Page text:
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SitNews - Stories in the News - Ketchikan, Alaska

February 20, 2006

Photographer: Paulu Toivo Saari

Boom Town, Ketchikan in the 1950s
North portal of the new Ketchikan Tunnel, 1954
Photographer: Paulu Toivo Saari
Donor: City of Ketchikan, Tongass Historical Society
Photo courtesy Ketchikan Museums

Ketchikan: Boom Town, Ketchikan in the 1950s By DAVE KIFFER - The years immediately after World War II were lean ones in Ketchikan.

While the Depression had had less of an effect here than elsewhere in the country, the economic boost of the war years had artificially supported the local economy. With the end of the war, it became obvious that the dominant industry - the canned salmon industry - was in sharp decline and as the fishing industry waned so did Ketchikan.

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When the canning industry boomed in the 1920s and early 1930s, Ketchikan had risen to a population of nearly 6,000 and for a time was a largest city in the state. But by the end of the war, the population had dropped back to down to 4,500 and there was no sign of any industry that would make up the jobs that were being lost each time a cannery closed.

In order to boost the economy of Ketchikan and the rest of Alaska, the federal government looked toward the Tongass National Forest and the billions of board feet of timber that it contained. - More...
Monday AM - February 20, 2006

National: Rice Says No Direct U.S. Funding Now to Hamas - The United States cannot and will not give direct financial assistance to a Hamas-led government so long as it is committed to terror and the destruction of Israel, but at the same time will not abandon Palestinians in desperate need of help, Secretary of State Condoleezza Rice says.

Rice made the comments in a roundtable discussion with journalists from Arab states February 17, just days ahead of her planned visit to Saudi Arabia, Egypt and the United Arab Emirates.

While a Palestinian government "that is not committed to peace and the international consensus" simply will not receive the sort of direct fund transfers that have been given to the Palestinian Authority, Rice raised the prospect of continued humanitarian aid through other mechanisms.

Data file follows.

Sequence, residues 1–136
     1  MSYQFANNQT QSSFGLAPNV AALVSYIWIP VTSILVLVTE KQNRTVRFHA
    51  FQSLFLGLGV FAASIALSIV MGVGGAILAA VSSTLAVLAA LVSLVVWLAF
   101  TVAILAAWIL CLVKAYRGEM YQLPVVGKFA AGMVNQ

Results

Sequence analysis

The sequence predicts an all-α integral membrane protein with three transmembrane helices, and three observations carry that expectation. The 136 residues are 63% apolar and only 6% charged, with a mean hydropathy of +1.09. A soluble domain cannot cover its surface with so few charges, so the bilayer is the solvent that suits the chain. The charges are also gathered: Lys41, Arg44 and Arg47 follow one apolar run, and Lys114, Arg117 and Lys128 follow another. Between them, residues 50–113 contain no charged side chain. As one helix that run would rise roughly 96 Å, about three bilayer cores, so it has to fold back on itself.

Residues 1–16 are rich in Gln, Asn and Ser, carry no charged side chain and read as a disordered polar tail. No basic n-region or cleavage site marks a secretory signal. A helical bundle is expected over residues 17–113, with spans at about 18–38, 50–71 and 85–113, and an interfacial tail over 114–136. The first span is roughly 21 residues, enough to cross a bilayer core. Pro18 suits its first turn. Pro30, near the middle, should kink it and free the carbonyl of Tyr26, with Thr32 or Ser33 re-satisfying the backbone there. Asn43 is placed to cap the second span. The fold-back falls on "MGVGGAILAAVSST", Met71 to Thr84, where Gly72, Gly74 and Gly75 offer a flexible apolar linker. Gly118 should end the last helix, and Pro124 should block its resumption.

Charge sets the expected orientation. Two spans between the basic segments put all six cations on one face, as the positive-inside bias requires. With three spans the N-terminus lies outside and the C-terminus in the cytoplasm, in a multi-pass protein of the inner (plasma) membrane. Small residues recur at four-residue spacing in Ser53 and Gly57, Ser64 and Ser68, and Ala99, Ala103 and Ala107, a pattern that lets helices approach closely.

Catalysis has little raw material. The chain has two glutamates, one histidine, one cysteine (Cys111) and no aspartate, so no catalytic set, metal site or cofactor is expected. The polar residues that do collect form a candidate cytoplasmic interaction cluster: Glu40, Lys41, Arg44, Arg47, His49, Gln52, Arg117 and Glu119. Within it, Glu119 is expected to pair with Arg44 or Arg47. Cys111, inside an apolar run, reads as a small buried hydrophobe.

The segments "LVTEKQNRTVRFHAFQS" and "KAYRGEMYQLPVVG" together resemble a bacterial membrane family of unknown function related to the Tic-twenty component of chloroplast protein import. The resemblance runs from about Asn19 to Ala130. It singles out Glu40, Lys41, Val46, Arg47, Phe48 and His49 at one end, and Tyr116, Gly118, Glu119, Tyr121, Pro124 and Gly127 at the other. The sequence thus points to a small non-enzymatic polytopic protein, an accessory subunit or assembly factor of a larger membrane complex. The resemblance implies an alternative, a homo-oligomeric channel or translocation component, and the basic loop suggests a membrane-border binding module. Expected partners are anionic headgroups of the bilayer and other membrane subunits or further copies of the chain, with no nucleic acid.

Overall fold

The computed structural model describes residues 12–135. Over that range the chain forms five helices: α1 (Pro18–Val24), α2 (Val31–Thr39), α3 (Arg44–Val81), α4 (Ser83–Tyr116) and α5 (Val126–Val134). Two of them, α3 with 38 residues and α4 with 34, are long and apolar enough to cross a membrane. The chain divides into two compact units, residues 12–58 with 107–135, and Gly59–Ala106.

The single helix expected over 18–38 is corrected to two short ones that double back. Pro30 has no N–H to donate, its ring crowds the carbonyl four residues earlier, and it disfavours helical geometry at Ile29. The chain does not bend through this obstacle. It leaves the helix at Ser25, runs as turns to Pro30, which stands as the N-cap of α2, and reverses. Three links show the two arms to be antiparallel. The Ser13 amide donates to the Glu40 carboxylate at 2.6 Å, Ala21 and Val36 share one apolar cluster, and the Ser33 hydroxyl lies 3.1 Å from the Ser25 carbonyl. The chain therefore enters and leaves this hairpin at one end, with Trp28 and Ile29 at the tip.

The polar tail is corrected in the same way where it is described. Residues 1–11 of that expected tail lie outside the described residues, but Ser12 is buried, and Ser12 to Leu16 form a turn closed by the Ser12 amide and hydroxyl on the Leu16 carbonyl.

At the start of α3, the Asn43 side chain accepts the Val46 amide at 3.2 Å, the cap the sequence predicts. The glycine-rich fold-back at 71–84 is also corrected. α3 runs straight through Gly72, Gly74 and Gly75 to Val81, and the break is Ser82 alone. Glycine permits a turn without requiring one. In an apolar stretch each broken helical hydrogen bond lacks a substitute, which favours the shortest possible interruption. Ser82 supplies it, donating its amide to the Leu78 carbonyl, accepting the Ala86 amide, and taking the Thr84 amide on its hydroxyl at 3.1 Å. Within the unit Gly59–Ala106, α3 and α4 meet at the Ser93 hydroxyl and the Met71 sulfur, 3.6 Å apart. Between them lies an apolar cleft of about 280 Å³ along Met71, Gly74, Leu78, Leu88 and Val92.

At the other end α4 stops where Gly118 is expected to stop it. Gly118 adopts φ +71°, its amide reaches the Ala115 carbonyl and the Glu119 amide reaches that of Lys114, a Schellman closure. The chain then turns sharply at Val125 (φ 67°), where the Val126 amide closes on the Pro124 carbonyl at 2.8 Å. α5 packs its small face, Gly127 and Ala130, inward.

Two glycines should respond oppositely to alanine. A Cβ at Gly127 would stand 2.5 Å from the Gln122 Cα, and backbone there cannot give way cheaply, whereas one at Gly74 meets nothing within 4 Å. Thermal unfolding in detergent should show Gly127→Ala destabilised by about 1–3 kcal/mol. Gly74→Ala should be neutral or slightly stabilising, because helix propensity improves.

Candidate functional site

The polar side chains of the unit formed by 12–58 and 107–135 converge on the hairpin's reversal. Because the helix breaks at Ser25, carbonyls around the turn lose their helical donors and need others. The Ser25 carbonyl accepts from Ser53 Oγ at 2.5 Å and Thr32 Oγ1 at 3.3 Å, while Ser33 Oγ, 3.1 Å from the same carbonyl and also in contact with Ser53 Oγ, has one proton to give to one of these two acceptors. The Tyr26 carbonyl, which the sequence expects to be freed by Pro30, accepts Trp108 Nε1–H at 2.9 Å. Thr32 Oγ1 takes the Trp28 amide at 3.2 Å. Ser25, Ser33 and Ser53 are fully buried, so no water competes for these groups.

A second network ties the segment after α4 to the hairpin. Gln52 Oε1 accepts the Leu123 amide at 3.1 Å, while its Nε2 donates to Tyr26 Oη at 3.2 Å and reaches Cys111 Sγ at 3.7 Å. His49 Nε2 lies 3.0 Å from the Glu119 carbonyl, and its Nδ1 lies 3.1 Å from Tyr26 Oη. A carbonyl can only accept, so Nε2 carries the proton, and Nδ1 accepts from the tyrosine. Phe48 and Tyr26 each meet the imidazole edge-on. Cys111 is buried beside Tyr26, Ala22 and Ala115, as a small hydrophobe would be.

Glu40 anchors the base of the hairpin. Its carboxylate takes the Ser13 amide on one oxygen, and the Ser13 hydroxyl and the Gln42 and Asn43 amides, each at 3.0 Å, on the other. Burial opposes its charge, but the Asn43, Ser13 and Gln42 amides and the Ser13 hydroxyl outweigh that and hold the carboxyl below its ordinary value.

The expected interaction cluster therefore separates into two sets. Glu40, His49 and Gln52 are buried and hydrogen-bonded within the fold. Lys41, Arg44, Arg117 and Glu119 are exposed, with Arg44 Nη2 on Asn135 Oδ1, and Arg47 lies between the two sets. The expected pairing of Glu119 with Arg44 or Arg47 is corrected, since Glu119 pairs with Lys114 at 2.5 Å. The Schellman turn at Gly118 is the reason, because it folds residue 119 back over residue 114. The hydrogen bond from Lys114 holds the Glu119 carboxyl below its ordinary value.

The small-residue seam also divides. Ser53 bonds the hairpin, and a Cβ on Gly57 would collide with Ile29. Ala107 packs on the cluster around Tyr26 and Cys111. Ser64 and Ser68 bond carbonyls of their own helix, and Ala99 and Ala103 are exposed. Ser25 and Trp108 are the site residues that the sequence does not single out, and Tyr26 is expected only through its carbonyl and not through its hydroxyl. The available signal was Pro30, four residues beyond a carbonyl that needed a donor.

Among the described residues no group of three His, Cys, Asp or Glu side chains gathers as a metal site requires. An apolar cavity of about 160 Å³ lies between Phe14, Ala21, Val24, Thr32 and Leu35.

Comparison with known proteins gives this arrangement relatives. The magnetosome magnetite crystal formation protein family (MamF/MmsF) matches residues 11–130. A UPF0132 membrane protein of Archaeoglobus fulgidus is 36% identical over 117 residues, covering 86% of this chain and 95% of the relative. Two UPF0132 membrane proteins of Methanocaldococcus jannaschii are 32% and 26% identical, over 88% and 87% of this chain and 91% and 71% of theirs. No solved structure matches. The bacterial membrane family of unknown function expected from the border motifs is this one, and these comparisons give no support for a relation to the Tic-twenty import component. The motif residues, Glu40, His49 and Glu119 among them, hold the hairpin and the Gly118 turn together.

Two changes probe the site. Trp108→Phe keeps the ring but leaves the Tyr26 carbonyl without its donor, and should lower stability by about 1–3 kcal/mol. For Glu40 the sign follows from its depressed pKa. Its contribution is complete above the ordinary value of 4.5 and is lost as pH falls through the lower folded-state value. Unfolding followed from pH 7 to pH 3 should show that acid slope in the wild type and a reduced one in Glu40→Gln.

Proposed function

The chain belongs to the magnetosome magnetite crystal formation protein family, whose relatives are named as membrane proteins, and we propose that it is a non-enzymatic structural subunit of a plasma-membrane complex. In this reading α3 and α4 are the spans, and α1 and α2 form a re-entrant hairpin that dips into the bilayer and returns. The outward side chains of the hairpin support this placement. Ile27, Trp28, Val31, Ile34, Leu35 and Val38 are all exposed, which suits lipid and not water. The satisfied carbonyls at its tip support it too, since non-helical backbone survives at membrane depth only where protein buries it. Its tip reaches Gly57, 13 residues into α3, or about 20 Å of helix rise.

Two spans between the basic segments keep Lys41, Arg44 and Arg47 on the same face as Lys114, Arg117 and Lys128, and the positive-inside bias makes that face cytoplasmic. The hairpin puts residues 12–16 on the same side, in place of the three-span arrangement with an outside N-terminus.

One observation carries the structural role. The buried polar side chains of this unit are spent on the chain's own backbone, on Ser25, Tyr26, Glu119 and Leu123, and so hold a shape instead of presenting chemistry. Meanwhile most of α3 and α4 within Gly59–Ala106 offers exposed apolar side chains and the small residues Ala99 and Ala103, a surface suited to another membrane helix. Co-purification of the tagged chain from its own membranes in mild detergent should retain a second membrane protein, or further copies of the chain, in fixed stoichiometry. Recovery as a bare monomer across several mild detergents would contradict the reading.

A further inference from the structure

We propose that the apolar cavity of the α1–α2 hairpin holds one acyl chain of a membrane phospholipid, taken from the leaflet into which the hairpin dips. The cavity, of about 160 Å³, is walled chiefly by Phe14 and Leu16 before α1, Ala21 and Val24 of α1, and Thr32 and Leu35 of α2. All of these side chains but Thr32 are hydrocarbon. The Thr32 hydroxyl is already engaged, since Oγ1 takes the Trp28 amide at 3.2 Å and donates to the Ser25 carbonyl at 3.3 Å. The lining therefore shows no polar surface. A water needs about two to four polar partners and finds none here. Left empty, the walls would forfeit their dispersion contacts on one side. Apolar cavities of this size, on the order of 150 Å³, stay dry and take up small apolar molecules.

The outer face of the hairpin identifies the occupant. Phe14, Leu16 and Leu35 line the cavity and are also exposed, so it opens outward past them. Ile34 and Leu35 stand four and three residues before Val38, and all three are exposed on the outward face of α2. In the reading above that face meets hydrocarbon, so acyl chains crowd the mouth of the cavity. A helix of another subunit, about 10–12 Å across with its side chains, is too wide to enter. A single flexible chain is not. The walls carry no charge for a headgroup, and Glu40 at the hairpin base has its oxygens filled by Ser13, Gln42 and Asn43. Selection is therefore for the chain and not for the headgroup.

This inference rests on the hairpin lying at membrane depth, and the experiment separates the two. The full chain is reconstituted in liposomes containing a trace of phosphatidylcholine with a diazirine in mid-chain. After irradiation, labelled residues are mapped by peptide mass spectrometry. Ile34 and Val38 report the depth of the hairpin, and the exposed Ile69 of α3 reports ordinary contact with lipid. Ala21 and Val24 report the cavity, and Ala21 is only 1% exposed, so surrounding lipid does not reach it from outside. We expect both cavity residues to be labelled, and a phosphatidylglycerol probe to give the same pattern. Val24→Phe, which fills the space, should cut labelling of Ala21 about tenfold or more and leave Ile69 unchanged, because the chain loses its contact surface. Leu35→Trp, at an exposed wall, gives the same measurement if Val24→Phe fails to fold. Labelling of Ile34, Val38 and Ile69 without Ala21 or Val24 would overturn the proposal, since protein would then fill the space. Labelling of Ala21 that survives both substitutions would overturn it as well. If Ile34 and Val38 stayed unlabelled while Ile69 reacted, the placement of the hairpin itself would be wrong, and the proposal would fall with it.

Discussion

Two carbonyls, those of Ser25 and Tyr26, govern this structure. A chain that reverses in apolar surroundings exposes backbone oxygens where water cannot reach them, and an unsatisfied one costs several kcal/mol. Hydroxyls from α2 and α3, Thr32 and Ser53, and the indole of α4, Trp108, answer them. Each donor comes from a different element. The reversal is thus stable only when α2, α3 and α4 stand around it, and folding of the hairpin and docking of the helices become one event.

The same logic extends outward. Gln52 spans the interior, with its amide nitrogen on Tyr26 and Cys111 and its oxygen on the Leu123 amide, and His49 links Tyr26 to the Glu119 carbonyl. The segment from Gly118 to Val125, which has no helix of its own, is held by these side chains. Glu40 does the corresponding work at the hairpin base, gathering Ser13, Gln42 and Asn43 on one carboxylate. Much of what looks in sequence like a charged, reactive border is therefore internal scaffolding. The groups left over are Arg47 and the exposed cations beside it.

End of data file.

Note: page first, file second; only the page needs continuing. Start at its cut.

She cited "programs in support of refugee policies that the U.N. runs" and "policies that relate to food assistance through the World Food Programme," as well as other projects carried out through nongovernmental organizations.

"The United States of America is not going to stop giving money for the immunization of Palestinian children," Rice pledged. "It would be against our values to do that. So, for the most vulnerable and innocent populations, you know, we will find a way to respond to those humanitarian needs." - More...
Monday AM - February 20, 2006

Fish Factor - Decline in commercial salmon catches projected By LAINE WELCH - State fishery managers are projecting a significant decline in commercial salmon catches this year. The 2006 harvest for all species is pegged at 160 million fish, well below last year's record catch of 221 million salmon. That harvest topped the previous record of 218 million fish set in 1995. At a glance, look for drops in this year's pink and sockeye salmon harvests compared to the 2005 season, a slight increase for chinook, similar catches for coho salmon, and higher chum harvests due to increasing runs in Western Alaska.

Here is the projected breakdown for the 2006 salmon catch by species ­ for chinook salmon, managers expect a catch of 780,000 fish, up from 682,000 last year. For sockeye, the harvest is projected at 35.6 million, down from 43.28 million last year. The coho catch is pegged at five million, up just a tick from the 2005 take of 4.79 million. For pink salmon, managers project a catch of 108 million, compared to more than 161 million humpies harvested last year. And for chum salmon, the projected catch is 17.6 million, up from 11.3 in 2005.